I wrote this for the Tiny Cottager magazine, with a particular focus on the sandy conditions in which cottagers garden. There are many more great pollinator plants than the 15 in the downloadable list at the end of this article! But they are a good start.
About 10 per cent of flowering plants are wind-pollinated but the overwhelming majority rely on insects for the process that results in fertilization, seed production and future generations. Bees are the essential pollinators, designed for the efficient transfer of pollen grains from one flower to another.
There are more than 400 species of native bees in Ontario. Of these, only the 16 species of bumble bees live together in colonies. The rest are solitary bees, the female nesting in sparsely vegetated soil, hollow stems, twigs or wood cavities. Not being territorial, solitary bees are unlikely or not equipped to sting.
The European honey bee was introduced and competes with native bees for floral resources. It can sting, but won’t unless provoked.
Recent research indicates that the pollination role of moths, with their hairy underbellies, has been underestimated. Most moths are nocturnal. Artificial light at night adversely affects all insect populations, but especially moths. Butterflies tend to be incidental pollinators, only lightly contacting pollen when they sip up nectar. There are exceptions – one, cited by Heather Holm in Pollinators of Native Plants
, is the Peck’s Skipper butterfly, the primary pollinator of Prairie Phlox.
Other pollinators are flies, beetles and wasps (the latter is docile while nectaring, aggressive if the nest is threatened. If an unwanted paper nest is being built, hang a fake nest nearby and the territorial insect will move on).
We have one pollinating bird in this province, the Ruby-throated Hummingbird. If you have moist soil, plant Cardinal Flower – it’s a short-lived perennial much loved by hummers.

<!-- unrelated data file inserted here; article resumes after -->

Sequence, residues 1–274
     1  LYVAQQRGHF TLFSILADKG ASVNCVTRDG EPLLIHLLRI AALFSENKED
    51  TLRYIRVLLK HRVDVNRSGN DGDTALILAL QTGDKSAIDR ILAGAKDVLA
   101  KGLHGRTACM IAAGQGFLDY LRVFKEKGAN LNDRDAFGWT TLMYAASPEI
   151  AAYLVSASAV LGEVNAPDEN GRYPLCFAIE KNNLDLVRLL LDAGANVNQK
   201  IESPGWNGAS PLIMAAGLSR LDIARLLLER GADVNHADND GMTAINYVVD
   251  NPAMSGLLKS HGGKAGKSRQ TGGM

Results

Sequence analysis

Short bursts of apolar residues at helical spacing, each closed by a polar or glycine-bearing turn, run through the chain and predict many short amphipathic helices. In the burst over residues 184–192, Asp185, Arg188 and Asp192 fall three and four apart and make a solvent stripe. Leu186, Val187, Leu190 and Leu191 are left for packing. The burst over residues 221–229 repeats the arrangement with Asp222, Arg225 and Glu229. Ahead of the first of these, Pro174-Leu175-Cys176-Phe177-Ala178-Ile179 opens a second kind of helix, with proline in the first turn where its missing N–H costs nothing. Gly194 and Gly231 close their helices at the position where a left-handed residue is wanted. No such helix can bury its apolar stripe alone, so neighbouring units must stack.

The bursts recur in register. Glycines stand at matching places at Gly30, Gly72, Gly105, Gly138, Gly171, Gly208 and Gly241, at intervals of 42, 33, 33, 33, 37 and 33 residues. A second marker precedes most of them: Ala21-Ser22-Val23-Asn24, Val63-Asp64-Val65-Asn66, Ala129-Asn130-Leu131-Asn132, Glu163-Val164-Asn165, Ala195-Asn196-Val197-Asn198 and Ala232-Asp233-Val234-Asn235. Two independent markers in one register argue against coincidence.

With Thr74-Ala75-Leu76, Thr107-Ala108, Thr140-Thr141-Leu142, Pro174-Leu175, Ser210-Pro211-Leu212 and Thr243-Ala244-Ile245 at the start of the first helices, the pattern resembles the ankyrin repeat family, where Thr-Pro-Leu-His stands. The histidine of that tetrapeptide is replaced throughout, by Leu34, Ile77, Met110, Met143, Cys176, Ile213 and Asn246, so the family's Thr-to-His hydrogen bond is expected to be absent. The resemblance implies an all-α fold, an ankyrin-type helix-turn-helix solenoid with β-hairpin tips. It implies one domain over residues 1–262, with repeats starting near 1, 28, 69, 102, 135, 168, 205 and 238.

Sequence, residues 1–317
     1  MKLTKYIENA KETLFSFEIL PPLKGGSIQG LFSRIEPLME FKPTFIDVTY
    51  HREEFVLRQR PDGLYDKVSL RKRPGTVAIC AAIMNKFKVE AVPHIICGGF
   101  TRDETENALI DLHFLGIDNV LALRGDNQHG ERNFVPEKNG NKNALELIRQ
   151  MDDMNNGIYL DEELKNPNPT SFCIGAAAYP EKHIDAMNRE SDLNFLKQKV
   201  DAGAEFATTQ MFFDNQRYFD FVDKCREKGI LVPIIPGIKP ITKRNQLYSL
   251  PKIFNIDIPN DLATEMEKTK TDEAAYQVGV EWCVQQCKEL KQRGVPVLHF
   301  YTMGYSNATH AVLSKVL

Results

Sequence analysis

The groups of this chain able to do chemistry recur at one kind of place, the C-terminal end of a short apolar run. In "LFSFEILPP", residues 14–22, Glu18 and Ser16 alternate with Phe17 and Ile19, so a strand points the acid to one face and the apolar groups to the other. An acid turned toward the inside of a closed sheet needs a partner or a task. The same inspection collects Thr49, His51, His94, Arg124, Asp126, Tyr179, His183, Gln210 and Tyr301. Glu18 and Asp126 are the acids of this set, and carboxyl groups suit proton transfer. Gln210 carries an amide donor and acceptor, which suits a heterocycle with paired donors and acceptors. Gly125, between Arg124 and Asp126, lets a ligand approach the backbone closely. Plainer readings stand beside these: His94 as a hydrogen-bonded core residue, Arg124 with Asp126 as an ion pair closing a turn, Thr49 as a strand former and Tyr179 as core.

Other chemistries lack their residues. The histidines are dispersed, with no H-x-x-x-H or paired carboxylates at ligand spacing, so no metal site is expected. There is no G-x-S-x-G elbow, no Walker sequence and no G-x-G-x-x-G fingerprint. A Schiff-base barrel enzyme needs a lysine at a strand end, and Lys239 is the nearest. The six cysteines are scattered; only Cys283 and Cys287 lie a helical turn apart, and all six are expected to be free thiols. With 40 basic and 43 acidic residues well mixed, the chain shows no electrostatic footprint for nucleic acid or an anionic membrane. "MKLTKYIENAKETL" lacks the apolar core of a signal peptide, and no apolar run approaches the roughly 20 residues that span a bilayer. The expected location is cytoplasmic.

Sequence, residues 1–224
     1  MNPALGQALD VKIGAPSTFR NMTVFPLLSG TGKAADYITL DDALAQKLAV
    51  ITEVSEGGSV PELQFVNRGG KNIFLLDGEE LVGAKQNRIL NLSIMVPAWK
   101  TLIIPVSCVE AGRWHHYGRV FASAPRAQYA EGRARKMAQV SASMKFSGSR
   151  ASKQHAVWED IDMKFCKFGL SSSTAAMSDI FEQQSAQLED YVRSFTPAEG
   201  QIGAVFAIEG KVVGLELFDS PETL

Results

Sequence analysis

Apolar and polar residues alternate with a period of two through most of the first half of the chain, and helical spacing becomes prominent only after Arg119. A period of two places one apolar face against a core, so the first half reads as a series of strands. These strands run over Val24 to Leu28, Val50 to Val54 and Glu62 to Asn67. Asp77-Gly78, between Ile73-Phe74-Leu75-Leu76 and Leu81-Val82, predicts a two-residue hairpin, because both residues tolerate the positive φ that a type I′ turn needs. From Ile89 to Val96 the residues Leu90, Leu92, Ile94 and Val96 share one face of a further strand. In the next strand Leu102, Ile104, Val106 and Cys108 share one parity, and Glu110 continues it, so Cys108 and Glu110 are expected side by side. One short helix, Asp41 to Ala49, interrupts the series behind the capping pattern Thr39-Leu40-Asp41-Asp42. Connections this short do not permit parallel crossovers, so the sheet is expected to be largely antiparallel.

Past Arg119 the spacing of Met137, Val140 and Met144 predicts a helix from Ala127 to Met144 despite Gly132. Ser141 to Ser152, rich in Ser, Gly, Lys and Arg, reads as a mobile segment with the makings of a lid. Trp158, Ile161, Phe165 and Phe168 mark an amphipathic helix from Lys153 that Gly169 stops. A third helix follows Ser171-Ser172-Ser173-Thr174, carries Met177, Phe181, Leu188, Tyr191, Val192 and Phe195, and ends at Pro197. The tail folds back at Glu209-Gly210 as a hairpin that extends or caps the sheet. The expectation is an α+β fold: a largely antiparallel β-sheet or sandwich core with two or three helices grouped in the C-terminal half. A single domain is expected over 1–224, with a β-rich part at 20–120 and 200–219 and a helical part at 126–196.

What will make your yard pollinator-friendly?
All pollinators will benefit if these and other destructive behaviours, listed in the Holm book, are avoided
- Removing all leaves from the landscape
- Removing dropped branches and dead trees
- Removing plant stems in the fall
- Covering all bare soil where nesting can occur with mulch, rock or groundcover plants
- Applying pesticides
- Including plants treated with systemic insecticides during nursery production. Systemic insecticides are absorbed into the whole plant, from root to fruit, and may be present in pollen and nectar. The most commonly used systemic insecticides are neo-nicotinoids.
What do pollinators need?
First, native plants, those with which our pollinators share an evolutionary history. Bees will often ignore the non-natives or even the native cultivars and zero in on the natives. For reproduction, Lepitoptera (moths and butterflies) need ‘host’ plants with foliage their caterpillars are able to digest – 90 per cent of insects that eat plants can reproduce only on those with which they have co-evolved.
Second, a succession of blooms, so there’s food from early spring to late fall. And not just one of each plant – make a clump or a drift. If you see a milkweed with a lot of Monarch eggs on it, that - I learned from a webinar by Dr. Anurag Agrawal of the University of California - is because the butterfly was desperate. She prefers to distribute her eggs, in the knowledge that one plant can’t support many hungry caterpillars.
The accompanying table offers suggestions for season-long coverage by perennials that will attract many pollinators. Not included are woody species – shrubs and trees – which are important to pollinators as many flower much earlier than most perennials, and are also hosts. The oak genus is the champion among trees, hosting more than 400 species of Lepidoptera, according to University of Delaware entomologist and author Doug Tallamy. Here in the Great Lakes region, my favourite is the Red Oak.
Also not included are grasses that, along with sedges, host many Lepidoptera and provide habitat for ground-nesting bees. These can nest in the exposed soil between clumps of native warm-season grasses like Switch Grass, Indian Grass and Bottlebrush Grass. They can’t do that in areas of cool-season, mat-forming grasses such as lawns or hayfields.
Last but not least, provide water, in a shallow dish with pebbles added, so insects can get a drink without drowning. Change or refresh the water daily. For hummingbirds, make a 'nectar' mixture of one part sugar to four parts water, with no dye
. Change the mixture once a week, more frequently when it's hot.Pollinator Plant Table PDF